Only the Gospel of John records Jesus’ meeting with the woman at the well. Only John records Jesus’ declaration of Himself as “the living water.” Only John tells of the miracle at Cana – the turning of water into wine, an echo of baptism and the communion feast. Only John mentions Jesus’ conversation with Nicodemus, in which He says, “Truly, truly, I say to you, unless one is born of water and the Spirit, he cannot enter the kingdom of God.” And John’s is the only Gospel to record this detail of Christ’s crucifixion.
“Since it was the day of Preparation, and so that the bodies would not remain on the cross on the Sabbath (for that Sabbath was a high day), the Jews asked Pilate that their legs might be broken and that they might be taken away. So the soldiers came and broke the legs of the first, and of the other who had been crucified with him. But when they came to Jesus and saw that he was already dead, they did not break his legs. But one of the soldiers pierced his side with a spear, and at once there came out blood and water” (John 19:31-34).
Certainly, this detail echoes all of John’s previous allusions to Christ as water (4:13-14, 7:37-38), but it does much more. The piercing of Christ’s side introduces another echo, back to Ezekiel 47.
“Then he brought me back to the door of the temple, and behold, water was issuing from below the threshold of the temple toward the east (for the temple faced east). The water was flowing down from below the south end of the threshold of the temple, south of the altar. Then he brought me out by way of the north gate and led me around on the outside to the outer gate that faces toward the east; and behold, the water was trickling out on the south side.
Going on eastward with a measuring line in his hand, the man measured a thousand cubits, and then led me through the water, and it was ankle-deep. Again he measured a thousand, and led me through the water, and it was knee-deep. Again he measured a thousand, and led me through the water, and it was waist-deep. Again he measured a thousand, and it was a river that I could not pass through, for the water had risen. It was deep enough to swim in, a river that could not be passed through” (verses 1-5).
Christ is the water, but He is also the temple. After Jesus entered the Temple in John 2, overturning the tables of the money-changers and swindlers, He told the disciples about His upcoming death and resurrection, describing it in these terms: “Destroy this temple, and in three days I will raise it up…but he was speaking about the temple of his body” (John 2:19, 21). The real temple is Christ.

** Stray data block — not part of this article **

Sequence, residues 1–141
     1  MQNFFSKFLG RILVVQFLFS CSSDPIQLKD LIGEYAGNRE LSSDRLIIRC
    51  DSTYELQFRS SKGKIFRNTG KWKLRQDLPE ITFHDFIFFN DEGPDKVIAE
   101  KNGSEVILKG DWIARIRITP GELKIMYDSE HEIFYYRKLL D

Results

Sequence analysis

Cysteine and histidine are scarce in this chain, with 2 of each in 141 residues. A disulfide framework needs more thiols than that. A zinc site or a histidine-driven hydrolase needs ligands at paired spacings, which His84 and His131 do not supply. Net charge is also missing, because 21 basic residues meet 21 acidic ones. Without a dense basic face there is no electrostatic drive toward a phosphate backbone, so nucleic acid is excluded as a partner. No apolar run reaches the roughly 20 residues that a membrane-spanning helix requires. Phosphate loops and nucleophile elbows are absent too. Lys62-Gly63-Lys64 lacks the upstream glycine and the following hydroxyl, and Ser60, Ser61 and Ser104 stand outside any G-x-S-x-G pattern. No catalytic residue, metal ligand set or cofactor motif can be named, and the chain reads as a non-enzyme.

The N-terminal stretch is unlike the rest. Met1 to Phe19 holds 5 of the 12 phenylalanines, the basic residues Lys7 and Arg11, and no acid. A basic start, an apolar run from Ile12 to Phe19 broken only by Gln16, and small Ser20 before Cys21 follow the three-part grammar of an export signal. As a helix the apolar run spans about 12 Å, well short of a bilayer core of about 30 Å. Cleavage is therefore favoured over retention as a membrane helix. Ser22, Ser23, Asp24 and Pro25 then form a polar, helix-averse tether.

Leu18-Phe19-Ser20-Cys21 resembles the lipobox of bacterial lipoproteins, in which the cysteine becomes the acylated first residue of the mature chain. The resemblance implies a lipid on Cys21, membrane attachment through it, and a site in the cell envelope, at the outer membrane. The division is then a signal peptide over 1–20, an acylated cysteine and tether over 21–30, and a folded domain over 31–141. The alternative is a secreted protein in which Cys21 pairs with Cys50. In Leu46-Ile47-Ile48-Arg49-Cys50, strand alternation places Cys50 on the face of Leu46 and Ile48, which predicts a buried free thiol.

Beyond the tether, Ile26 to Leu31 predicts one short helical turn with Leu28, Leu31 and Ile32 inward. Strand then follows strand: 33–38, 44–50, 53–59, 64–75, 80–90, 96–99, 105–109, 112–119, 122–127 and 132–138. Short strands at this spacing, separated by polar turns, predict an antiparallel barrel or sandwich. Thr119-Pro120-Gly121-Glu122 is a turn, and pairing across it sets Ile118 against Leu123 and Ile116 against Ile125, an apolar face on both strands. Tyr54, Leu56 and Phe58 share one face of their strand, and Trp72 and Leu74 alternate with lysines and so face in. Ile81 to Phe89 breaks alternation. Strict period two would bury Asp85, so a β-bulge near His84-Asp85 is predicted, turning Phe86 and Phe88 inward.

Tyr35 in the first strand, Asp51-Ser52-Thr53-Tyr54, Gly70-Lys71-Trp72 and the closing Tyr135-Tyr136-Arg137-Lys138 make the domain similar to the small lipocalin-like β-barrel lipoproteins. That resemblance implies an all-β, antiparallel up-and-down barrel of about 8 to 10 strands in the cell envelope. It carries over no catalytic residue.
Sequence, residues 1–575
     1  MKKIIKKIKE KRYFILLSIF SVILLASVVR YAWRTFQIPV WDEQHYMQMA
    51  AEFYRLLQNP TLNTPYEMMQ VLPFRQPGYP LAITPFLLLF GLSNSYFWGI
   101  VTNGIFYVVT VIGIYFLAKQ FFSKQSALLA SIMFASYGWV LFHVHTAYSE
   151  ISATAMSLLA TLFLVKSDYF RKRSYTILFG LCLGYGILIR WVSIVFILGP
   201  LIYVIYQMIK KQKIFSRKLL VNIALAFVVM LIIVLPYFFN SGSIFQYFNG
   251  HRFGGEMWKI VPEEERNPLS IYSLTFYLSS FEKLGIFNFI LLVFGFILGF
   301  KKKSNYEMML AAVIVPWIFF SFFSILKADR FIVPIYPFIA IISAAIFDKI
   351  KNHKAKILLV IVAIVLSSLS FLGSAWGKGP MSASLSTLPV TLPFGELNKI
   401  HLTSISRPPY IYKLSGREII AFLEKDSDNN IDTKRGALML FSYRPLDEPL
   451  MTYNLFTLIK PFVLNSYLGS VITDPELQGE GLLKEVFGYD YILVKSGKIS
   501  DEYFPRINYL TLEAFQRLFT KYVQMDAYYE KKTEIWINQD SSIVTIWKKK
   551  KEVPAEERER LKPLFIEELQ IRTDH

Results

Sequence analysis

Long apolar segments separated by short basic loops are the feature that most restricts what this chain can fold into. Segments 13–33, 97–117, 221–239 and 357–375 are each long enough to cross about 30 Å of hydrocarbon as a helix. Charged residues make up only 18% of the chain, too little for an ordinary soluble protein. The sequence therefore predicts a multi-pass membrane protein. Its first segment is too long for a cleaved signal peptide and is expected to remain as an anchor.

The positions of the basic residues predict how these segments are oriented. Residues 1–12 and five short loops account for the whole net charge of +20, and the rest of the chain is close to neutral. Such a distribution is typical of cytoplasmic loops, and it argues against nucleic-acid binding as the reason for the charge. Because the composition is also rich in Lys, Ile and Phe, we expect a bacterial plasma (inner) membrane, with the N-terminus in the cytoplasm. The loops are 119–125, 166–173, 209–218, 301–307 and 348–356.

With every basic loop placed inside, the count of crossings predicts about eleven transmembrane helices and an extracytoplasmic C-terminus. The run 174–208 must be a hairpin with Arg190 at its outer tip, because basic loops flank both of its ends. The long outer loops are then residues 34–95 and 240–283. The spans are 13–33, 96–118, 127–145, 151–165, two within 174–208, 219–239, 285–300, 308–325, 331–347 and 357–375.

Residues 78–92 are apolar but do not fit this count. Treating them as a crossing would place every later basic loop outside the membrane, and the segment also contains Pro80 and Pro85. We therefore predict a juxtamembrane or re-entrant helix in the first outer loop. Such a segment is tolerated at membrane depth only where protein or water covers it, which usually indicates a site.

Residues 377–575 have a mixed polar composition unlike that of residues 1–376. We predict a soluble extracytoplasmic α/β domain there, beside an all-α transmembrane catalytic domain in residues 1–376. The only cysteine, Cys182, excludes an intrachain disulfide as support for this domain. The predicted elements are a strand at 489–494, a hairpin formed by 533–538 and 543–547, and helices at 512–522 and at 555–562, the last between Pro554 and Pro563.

While not recording the water and blood coming from Christ’s side, the other three Gospel writers describe the Temple veil, which is Christ’s flesh (Hebrews 10:19-20), being torn in two at His death (Matthew 27:51, Mark 15:38, Luke 23:45).
“And he said to me, ‘Son of man, have you seen this? Then he led me back to the bank of the river. As I went back, I saw on the bank of the river very many trees on the one side and on the other. And he said to me, ‘This water flows toward the eastern region and goes down into the Arabah, and enters the sea; when the water flows into the sea, the water will become fresh. And wherever the river goes, every living creature that swarms will live, and there will be very many fish. For this water goes there, that the waters of the sea may become fresh; so everything will live where the river goes. Fishermen will stand beside the sea. From Engedi to Eneglaim it will be a place for the spreading of nets. Its fish will be of very many kinds, like the fish of the Great Sea. But its swamps and marshes will not become fresh; they are to be left for salt. And on the banks, on both sides of the river, there will grow all kinds of trees for food. Their leaves will not wither, nor their fruit fail, but they will bear fresh fruit every month, because the water for them flows from the sanctuary. Their fruit will be for food, and their leaves for healing’” (verses 6-12).
Jesus is the Temple and the water flowing from Him waters the earth, filling it and producing food – fish, trees, and fruit. If we are thirsty for righteousness, Jesus is living water that quenches the earth, and gives the Spirit of righteousness. If we are hungry, Jesus brings forth food. In fact, He is food, the bread of life. “Truly, truly, I say to you, whoever believes has eternal life. I am the bread of life. Your fathers ate the manna in the wilderness, and they died. This is the bread that comes down from heaven, so that one may eat of it and not die. I am the living bread that came down from heaven. If anyone eats of this bread, he will live forever. And the bread that I will give for the life of the world is my flesh” (John 6:47-51).
The picture of Christ as water, Temple, and food (not to mention light) finds completion in another of John’s writings, Revelation:
“And I saw no temple in the city, for its temple is the Lord God the Almighty and the Lamb. And the city has no need of sun or moon to shine on it, for the glory of God gives it light, and its lamp is the Lamb. By its light will the nations walk, and the kings of the earth will bring their glory into it, and its gates will never be shut by day—and there will be no night there. They will bring into it the glory and the honor of the nations. But nothing unclean will ever enter it, nor anyone who does what is detestable or false, but only those who are written in the Lamb’s book of life.
Then the angel showed me the river of the water of life, bright as crystal, flowing from the throne of God and of the Lamb through the middle of the street of the city; also, on either side of the river, the tree of life with its twelve kinds of fruit, yielding its fruit each month. The leaves of the tree were for the healing of the nations” (21:22-22:2).